They are dancing in Tripoli

As I write this, armed rebels are dancing in Tripoli’s Green Square.  The rebellion started in the east, around Benghazi, and was followed by months of fighting, with the rebels often showing more courage than knowledge of the basics of military strategy.  But now, suddenly, they have captured several of Gaddafi’s sons — including Seif al-Islam, who once presented himself as the principal modernizing force within Libya (much as Gamal Mubarak did in Egypt) but then became his father’s chief mouthpiece — and the rebels have taken Green Square in the capital.

In 1963, my parents registered their marriage in the Municipio building that then stood at the edge of that square; more than forty years later, I stood in that square myself surrounded by Gaddafi’s leering, Mick Jaggeresque visage staring out from large billboards and mosaics.  This is the very center of the city, the transition point between the old medina and the colonial Italian quarter.  If the rebels are there, it is over.  Al Jazeera is reporting that Gaddafi still refuses to step down — months ago he vowed to ‘fight to the last drop of blood’ though the joke has always been that he was happy to fight to the last drop of someone else’s blood — but his end is near.  Il-hamdulillah.

Click here to read the article I wrote and photographed for Travel + Leisure to gain a sense of what Libya felt like to experience on the ground.  Or here for an excerpt from my Libya journals about the surreal experience of running through the Tripoli medina with a human rights activist.  Or here for a look inside my copy of Gaddafi’s infamous Green Book.

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Postscript: Senators John McCain and Lindsey Graham, both Republicans, issued a statement today (8/21) that began:

The end of the Qadaffi regime in Libya is a victory for the Libyan people and for the broader cause of freedom in the Middle East and throughout the world.  This achievement was made possible first and foremost by the struggle and sacrifice of countless Libyans, whose courage and perseverance we applaud.  We also commend our British, French, and other allies, as well as our Arab partners, especially Qatar and the UAE, for their leadership in this conflict.  Americans can be proud of the role our country has played in helping to defeat Qaddafi, but we regret that this success was so long in coming due to the failure of the United States to employ the full weight of our airpower.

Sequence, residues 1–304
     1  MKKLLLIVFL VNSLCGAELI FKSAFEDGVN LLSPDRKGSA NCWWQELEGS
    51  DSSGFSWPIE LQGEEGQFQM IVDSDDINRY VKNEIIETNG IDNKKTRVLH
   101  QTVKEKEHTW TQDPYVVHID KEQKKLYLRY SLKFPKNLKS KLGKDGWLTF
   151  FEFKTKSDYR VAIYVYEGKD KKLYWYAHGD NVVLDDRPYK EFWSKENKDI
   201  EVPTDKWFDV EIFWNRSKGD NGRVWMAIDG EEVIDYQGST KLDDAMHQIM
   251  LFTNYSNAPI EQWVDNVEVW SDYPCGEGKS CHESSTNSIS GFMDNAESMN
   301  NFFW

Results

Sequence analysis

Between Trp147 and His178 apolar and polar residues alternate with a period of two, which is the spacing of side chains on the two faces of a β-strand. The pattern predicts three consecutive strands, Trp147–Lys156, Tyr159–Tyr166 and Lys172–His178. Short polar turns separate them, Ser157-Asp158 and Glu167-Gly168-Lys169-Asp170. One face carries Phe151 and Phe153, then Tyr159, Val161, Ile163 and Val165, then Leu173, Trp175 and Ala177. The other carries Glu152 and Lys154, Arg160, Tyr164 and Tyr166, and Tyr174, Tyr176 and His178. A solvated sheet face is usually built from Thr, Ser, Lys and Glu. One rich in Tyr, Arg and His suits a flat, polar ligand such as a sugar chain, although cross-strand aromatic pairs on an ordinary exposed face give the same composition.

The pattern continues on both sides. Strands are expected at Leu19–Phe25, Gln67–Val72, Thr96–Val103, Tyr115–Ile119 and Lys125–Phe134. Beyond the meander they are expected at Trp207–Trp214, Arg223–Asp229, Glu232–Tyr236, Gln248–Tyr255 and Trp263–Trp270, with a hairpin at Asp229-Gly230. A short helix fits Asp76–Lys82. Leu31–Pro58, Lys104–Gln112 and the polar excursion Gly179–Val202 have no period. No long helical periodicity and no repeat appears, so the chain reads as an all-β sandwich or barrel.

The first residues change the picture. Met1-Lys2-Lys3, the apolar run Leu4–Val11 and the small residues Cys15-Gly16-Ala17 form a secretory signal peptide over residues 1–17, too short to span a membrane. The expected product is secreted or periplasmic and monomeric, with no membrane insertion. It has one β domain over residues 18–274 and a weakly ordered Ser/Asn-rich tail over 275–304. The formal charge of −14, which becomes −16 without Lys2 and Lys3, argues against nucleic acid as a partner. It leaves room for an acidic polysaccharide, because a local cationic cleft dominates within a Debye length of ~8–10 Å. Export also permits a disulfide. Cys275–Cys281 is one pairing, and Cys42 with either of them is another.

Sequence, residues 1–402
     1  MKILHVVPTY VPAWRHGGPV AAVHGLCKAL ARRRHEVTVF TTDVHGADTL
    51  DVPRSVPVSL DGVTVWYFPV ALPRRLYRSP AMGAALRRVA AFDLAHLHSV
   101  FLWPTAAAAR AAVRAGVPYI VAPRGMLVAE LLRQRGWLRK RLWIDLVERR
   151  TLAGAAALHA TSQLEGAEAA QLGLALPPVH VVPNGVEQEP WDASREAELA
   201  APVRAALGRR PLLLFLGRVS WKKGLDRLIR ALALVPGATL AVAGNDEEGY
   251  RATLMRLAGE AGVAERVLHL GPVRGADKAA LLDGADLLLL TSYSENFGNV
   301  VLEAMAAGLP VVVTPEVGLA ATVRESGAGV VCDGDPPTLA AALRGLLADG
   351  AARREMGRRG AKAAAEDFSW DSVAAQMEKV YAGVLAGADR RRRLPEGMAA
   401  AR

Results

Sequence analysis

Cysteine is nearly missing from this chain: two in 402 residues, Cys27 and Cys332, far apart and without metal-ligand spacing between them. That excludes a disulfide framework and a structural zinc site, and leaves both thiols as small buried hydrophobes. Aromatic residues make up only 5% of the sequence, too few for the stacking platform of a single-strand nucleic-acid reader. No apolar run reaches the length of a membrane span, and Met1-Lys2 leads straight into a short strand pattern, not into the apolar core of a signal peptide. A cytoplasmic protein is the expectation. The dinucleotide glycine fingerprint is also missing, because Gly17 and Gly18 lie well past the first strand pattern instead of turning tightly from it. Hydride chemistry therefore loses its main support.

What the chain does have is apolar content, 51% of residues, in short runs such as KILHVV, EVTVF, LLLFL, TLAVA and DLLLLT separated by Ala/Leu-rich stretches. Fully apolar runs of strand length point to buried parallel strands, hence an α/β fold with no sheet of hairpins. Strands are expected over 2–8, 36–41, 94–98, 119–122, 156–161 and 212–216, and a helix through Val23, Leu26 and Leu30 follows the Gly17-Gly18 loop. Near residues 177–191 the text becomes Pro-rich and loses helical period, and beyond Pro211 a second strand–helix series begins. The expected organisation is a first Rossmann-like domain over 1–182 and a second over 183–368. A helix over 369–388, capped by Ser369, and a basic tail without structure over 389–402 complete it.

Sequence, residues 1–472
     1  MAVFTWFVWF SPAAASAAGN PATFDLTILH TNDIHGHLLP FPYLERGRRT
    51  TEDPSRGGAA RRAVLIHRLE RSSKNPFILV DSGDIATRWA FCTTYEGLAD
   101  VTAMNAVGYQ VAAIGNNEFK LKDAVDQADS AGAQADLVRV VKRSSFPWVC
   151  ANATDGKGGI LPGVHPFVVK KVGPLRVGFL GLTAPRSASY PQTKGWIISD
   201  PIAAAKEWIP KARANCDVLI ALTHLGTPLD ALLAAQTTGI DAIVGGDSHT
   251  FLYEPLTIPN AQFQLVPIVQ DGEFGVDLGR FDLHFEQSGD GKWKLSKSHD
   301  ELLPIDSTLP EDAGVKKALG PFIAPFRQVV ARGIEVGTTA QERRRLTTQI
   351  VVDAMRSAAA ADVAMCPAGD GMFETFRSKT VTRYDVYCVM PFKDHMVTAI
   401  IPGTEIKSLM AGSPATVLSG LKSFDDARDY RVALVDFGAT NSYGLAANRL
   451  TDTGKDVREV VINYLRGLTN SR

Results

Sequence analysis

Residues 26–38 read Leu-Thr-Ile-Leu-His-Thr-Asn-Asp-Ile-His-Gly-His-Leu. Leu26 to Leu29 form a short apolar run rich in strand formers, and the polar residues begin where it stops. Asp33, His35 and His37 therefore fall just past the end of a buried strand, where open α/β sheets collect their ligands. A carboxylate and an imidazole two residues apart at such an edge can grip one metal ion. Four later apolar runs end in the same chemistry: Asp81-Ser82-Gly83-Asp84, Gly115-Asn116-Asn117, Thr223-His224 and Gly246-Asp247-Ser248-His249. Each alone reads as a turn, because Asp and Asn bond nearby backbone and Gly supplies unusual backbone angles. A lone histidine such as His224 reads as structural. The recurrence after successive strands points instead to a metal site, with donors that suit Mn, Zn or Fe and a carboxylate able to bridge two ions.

Now, what to make of this?  Ignore their typo in spelling Gaddafi’s name two different ways in one paragraph; after all, even when I went to the US State Department to have my travel to Libya approved (it was then under embargo) they stamped it “Permitted for travel to Lybya.”  Ignore, too, the tip of the hat to Qatar and UAE, which are far from the theater of war but generally helpful to American interests in the region.  And ignore the almost unprecedented credit being given to France, a country that Republicans generally use as a sort of quasi-communist, culturally elitist cudgel with which to beat cosmopolitan Americans in a class war.  No, what to make of the criticism that the US did not “employ the full weight of our airpower”?  If this is a swipe at Obama, McCain and Graham have disgraced themselves: I criticized Obama for his timid approach throughout the Egypt revolution but in Libya he was far ahead of the Republican leadership, which has fought a cynical rearguard effort to deny that Obama had authority to engage NATO in its (apparently decisive) role in aiding the Libyan rebels.  But if this is a fragging incident in which McCain and Graham are tossing a grenade at their own side for their cowardice in undermining the President on this issue, I applaud the effort but, hey, how about naming names so that your target is explicit?  Isn’t that the point of issuing a statement?

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The photographs below were taken on 22 August and come from Alan Taylor’s always excellent photojournalism site at the Atlantic.



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